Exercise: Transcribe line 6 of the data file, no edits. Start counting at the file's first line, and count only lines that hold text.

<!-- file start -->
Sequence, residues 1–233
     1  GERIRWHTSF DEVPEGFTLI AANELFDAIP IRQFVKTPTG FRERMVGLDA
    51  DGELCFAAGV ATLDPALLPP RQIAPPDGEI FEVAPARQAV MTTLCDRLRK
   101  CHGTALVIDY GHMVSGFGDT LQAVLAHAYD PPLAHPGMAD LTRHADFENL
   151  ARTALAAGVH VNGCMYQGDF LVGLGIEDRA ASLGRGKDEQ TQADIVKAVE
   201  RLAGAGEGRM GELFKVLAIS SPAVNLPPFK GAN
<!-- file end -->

   201  RLAGAGEGRM GELFKVLAIS SPAVNLPPFK GAN